Collaborations between arts organizations, universities, and local public school districts have at times been wildly successful and mutually beneficial. College students often find enriching rewards in working with younger pupils, and the latter benefit immensely from being mentored by their senior. Likewise, arts organizations such as symphony orchestras that go into the schools with relevant programming can open the eyes, ears, and minds of students for whom symphonic music is new or until then restricted to recordings.
Every now and then, an arts organization comes up with a collaboration project so creative and exciting, that students lives are literally changed by the footprint it leaves behind. These programs hit that sweet spot where everyone benefits and thoroughly enjoys the ride. Other school districts and arts organizations would do well to take note of these exceptional collaborations, and take inspiration from them to develop their own.
One such program has occurred in the UK, where the Orchestra of the Age of Enlightenment (OAE) has collaborated with Acland Burghley School in northern London. The orchestra took up residency in the school, and collaborated with students to choreograph an original dance to Rameau’s “Danse des Sauvages” from Les Indes Galantes.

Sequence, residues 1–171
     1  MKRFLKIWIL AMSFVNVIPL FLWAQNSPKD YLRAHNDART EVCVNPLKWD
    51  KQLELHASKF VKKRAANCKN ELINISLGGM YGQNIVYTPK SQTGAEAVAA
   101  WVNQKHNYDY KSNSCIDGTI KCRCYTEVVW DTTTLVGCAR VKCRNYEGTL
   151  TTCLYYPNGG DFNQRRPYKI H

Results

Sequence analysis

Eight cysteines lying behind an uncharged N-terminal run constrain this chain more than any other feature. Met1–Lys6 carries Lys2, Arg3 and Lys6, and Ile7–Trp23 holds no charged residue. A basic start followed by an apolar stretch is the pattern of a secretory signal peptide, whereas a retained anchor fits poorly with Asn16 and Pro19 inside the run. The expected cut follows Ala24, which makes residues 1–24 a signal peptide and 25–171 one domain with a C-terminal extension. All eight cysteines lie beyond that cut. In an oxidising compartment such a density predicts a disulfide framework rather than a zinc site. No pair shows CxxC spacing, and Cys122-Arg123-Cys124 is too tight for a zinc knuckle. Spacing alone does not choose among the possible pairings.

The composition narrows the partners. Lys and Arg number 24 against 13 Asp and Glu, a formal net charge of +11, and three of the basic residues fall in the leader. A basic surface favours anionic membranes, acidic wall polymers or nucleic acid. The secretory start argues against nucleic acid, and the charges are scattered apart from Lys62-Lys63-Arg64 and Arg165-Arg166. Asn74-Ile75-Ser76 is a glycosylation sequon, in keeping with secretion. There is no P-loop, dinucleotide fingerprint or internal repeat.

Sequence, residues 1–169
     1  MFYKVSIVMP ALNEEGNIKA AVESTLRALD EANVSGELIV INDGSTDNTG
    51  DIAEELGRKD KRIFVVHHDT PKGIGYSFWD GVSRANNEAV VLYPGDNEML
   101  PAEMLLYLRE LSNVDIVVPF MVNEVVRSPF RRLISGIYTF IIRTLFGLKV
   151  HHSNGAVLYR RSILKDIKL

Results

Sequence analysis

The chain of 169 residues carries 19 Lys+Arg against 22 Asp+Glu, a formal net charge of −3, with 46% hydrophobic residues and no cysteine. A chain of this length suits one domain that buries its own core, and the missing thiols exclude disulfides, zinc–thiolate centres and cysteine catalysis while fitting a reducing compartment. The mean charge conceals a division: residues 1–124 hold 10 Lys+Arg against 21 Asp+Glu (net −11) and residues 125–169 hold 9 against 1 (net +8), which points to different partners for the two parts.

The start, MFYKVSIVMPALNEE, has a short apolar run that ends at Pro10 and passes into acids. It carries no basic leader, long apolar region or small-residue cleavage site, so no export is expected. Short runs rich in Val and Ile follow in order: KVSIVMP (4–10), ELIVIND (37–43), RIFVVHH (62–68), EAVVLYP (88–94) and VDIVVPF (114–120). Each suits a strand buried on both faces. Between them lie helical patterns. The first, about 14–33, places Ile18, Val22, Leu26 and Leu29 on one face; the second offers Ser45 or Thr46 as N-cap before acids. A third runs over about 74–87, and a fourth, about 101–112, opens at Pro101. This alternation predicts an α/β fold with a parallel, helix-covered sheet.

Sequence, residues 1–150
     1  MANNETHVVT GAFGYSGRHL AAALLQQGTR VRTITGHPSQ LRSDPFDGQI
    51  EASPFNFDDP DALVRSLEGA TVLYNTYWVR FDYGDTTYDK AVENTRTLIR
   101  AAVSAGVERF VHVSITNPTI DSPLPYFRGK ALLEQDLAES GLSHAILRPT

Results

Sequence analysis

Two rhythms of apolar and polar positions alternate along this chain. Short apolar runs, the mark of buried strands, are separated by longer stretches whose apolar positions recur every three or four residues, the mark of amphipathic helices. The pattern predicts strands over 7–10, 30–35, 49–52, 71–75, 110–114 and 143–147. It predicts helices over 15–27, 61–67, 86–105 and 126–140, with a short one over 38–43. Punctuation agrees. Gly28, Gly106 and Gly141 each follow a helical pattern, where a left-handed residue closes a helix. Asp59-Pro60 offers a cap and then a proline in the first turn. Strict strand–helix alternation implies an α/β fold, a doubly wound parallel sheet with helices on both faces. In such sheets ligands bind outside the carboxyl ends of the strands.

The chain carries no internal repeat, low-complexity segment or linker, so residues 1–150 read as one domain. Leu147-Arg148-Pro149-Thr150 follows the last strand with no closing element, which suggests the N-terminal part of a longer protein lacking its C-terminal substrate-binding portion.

The students worked with orchestra members to choreograph, direct and record the music video. The project was an excellent fit for the orchestra, which operates with the mission of challenging traditions and bringing fresh perspectives and relevancies to standard symphonic fare. Young people enjoy a fresh take on classical music, and given the freedom to create alongside Rameau’s music firmly footed in Baroque dance tradition, they produced marvelous and exciting work. In the words of the orchestra’s chief executive, “young hearts and minds can connect instantly with music if you don’t erect barriers. The OAE had only moved into the school at the beginning of September, and just three weeks later we had a room full of extremely talented students dancing to Rameau.”
I have found that students respond especially well to music that features prominent percussion, so using drumming as a launching pad sparked the needed creativity and enthusiasm. The dance selected for the project has a strong and distinctive rhythmic pulse which inspired the choreography and incorporating drumming into that choreography. Students did not follow choreography by adults. Instead, after learning about the music, students engaged in discussion and debate with the musicians through a process of true collaboration. As the orchestra members gained the trust of the students, and the students realized that they would truly be allowed to bring their own creativity to the choreography, the students became increasingly willing to healthily disagree, only adapting from the orchestra what sat well with them.